The unofficial capital of Al Gharbia, Madinat Zayed is a booming township rich in traditional architecture and surrounded by lush farms, which are among the most fertile lands in the country.
A seaside town, Mirfa is home to a natural harbor rich with sea life such as turtles and dolphins. The bulk of the town was built on high ground affording it views of the sea.
The birthplace of the Ruling Family of Abu Dhabi, Liwa is truly a hidden desert oasis on the edge of the Empty Quarter, between some of the tallest sand dunes in the world.
A 33-square kilometer volcanic island, Dalma has the longest history in the tourism market due to its rich history of pearl diving. The island has been inhabited for thousands of years and one of the few in the Gulf with pure water reserves.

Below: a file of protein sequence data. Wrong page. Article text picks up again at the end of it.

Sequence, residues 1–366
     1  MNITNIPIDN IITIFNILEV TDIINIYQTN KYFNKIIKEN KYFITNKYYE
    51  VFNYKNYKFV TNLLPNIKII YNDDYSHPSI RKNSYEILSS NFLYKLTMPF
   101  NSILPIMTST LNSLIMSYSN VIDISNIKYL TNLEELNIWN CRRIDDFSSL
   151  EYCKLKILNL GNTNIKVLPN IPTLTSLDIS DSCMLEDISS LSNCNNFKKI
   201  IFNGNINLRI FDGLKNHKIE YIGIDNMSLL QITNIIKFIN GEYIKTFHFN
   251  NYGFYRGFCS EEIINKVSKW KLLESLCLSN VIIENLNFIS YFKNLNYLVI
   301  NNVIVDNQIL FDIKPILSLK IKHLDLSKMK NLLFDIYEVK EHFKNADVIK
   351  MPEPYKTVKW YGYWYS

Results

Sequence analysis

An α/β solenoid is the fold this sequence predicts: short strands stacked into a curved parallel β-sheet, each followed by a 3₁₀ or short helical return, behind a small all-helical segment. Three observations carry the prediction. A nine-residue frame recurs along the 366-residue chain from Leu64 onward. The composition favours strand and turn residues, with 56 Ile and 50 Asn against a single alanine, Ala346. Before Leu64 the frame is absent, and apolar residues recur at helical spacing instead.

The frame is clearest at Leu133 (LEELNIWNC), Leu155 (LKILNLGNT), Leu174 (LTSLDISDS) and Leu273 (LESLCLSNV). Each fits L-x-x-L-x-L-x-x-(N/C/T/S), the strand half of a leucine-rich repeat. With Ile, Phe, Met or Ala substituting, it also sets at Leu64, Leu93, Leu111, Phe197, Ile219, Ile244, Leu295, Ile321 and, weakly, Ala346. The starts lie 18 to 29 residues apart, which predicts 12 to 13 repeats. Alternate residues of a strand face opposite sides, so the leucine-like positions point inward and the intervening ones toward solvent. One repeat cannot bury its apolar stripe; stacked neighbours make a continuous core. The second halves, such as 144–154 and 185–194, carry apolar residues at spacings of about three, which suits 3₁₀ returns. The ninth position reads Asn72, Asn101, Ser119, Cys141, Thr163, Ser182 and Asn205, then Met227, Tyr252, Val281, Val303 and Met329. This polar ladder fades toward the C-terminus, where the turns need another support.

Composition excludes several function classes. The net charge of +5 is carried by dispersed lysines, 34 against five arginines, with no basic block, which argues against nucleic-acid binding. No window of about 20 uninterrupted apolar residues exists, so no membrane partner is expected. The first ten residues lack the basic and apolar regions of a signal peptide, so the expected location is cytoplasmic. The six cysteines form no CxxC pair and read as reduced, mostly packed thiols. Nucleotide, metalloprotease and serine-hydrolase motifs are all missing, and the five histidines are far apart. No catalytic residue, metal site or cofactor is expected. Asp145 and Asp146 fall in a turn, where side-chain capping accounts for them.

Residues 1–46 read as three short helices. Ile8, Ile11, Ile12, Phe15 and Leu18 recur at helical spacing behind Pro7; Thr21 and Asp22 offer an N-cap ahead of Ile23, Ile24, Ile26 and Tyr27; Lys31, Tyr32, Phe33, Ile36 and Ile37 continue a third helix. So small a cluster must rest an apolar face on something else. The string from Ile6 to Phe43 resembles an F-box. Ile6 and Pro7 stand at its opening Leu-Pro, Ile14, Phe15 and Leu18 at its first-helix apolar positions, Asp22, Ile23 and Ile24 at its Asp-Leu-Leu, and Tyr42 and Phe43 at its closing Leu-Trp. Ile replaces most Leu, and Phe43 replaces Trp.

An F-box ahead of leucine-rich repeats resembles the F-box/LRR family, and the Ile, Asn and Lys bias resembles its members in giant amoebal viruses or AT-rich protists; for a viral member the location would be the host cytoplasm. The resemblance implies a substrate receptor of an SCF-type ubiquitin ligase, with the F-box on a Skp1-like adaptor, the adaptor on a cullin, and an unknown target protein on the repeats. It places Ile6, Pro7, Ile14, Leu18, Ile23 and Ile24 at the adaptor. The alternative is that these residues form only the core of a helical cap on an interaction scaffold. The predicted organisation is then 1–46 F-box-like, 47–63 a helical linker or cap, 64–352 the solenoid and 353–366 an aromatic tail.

Known for its green pastures and agriculture, Ghayathi was previously a Bedouin settlement. Today, it is better known as being home to fossils dating back around eight million years – the first of their kind found in the Arabian Peninsula.
The industrial centre of the Western Region, Ruwais was originally developed to cater to the oil and gas sectors, their workers and families. Now, the town has diversified into the construction and agriculture industries as well.
Home to one of the UAE’s oldest trees, fresh water wells and many interesting archeological discoveries, the city of Sila has a long history as a spot on the spice route from East to West. The city is located close to the border of Saudi Arabia and Qatar and is known as the main gateway to the UAE.
Sir Bani Yas
An island rich with wildlife. Sir Bani Yas will soon be the hub for environmental, conservation and ecological tourism. A nature reserve and a wildlife park are in the cards for the island since it is home to pink flamingoes, giraffes, ostriches and the indigenous Oryx.